On Sunday, residents in Conklin, a town whose welcome sign declares it “a great place to live and raise a family,” seemed at a complete loss to explain how the boy they knew as a quiet kid is now accused of committing such a hateful atrocity, allegedly firing dozens of lethal rifle rounds at senior citizens, grocery store workers and a security guard with a weapon that had a racial slur written on it.

“I’m heartbroken,” said Mary Cappello, who lives here. “I always think of it as safe and cozy and warm, and to hear something like this happened, it just blew me away.”

State police kept reporters away from the blue house where the Gendron family lives on a quiet cul-de-sac, with a basketball hoop in the front driveway and a pool in the backyard. A woman who answered a phone registered to Gendron’s mother declined to speak to a Washington Post reporter Saturday, saying she hadn’t heard anything yet and didn’t want to “speculate.”

The details about the suspect that have emerged so far fit with grim patterns seen in past mass killings.

Researchers and experts studying mass violence have found a series of common elements, many of which appear to have recurred in Buffalo. Active shooters are usually male, researchers have found, and were fueled by some kind of grievance.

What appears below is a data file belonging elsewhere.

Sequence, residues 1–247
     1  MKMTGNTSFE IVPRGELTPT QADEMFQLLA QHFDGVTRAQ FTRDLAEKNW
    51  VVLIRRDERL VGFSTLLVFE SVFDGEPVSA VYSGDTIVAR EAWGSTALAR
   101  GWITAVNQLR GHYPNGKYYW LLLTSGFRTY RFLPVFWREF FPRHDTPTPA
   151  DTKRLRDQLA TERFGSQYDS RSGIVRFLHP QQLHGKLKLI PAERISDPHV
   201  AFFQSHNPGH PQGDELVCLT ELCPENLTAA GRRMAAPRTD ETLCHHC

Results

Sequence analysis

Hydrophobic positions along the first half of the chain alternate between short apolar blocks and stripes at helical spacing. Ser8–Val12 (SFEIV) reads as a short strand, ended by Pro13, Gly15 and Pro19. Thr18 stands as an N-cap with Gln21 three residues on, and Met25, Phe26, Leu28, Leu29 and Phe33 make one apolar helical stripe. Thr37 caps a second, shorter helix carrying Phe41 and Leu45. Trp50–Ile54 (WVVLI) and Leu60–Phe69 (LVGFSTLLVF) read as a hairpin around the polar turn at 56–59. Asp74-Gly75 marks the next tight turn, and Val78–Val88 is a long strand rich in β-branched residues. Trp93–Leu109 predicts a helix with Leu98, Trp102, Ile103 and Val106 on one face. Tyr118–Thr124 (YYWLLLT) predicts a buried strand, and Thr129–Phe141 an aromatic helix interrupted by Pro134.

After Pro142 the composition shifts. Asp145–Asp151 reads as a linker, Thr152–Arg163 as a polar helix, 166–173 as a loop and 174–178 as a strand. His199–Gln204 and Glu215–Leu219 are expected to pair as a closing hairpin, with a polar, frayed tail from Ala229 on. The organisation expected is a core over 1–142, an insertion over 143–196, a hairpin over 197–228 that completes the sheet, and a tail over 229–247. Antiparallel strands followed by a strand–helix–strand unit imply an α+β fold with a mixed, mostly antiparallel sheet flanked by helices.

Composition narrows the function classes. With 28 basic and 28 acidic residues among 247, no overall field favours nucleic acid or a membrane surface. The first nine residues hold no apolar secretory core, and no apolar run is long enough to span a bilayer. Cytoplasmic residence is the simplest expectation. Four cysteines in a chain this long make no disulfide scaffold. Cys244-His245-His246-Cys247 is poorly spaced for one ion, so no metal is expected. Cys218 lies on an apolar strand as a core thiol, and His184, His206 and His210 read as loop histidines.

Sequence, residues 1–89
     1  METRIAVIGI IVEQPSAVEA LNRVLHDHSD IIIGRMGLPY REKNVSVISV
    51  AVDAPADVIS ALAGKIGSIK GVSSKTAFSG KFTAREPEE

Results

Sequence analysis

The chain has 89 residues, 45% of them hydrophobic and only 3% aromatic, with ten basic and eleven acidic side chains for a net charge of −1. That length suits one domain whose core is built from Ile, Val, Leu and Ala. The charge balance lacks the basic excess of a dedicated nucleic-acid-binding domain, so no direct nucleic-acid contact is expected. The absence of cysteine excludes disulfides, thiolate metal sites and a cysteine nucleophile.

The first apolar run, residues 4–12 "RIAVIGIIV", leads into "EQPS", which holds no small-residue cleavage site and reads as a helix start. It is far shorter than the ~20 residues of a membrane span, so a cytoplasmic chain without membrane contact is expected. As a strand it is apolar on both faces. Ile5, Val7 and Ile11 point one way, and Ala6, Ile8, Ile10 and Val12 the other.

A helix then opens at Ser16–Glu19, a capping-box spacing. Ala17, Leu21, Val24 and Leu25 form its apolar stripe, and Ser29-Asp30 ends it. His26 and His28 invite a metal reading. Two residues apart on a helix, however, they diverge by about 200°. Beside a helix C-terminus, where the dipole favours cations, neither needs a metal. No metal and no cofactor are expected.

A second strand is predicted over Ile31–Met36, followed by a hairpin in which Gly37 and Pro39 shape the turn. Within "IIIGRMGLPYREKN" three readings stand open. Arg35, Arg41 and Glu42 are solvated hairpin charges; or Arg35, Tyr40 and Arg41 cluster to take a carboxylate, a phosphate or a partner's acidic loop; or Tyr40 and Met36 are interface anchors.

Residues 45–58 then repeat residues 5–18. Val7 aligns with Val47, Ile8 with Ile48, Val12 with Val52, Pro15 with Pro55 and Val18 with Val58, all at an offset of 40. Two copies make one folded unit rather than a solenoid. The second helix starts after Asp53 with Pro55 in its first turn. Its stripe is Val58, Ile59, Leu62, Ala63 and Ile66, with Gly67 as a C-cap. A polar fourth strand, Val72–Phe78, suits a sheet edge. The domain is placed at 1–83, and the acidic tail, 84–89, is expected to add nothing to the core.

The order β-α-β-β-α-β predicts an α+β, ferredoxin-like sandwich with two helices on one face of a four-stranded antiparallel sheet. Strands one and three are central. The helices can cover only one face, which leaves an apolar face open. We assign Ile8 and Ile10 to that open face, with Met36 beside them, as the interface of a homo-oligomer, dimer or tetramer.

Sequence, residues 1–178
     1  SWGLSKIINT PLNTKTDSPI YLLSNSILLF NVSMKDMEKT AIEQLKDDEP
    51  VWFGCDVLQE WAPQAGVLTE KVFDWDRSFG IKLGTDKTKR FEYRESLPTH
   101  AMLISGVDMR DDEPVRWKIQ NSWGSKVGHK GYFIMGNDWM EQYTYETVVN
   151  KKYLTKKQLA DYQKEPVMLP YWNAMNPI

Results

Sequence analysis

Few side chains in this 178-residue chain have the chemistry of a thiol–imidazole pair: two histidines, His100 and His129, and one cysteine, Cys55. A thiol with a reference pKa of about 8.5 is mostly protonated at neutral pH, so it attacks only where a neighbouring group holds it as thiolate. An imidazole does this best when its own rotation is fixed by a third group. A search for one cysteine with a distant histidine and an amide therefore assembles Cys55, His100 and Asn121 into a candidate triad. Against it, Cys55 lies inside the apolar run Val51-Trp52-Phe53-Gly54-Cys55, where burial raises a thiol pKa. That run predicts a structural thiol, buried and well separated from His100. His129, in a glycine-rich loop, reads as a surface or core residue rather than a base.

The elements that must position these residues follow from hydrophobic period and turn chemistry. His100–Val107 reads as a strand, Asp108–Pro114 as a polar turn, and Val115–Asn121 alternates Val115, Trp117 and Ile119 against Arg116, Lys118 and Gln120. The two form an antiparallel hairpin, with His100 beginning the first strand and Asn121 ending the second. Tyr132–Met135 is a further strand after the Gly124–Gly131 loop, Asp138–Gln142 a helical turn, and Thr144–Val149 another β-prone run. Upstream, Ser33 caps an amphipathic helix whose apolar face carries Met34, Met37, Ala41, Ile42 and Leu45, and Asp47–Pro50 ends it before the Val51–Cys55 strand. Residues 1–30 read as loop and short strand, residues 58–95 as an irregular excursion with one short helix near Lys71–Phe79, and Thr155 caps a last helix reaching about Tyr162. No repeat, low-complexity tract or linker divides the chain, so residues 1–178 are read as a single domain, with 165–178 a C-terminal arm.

Rather than snapping seemingly without any warning, most attackers often spent time plotting beforehand, the FBI found in a 2018 study examining active shooters. These attackers also tended to alarm people around them before opening fire, the FBI study found, and more than half had made clear in some fashion that they intended to commit violence.

The online screed investigators believe was posted by Gendron also fit another unnerving pattern, in which mass killers often research or draw inspiration from their predecessors.

The document posted online cites the names of several other convicted or accused mass killers, including the avowed white supremacist convicted of killing nine Black parishioners in Charleston, S.C., in 2015, and the man charged with killing 23 people at a Walmart in El Paso in 2019. Police in El Paso say that man confessed to the shooting and said he was targeting “Mexicans,” and officials believe he wrote an online statement ranting about a “Hispanic invasion of Texas.”

And in carrying out Saturday’s attack in Buffalo, the gunman made sure to leave as much of a record as possible. Besides the lengthy written record, authorities said he live-streamed the killing on social media, so that others could watch.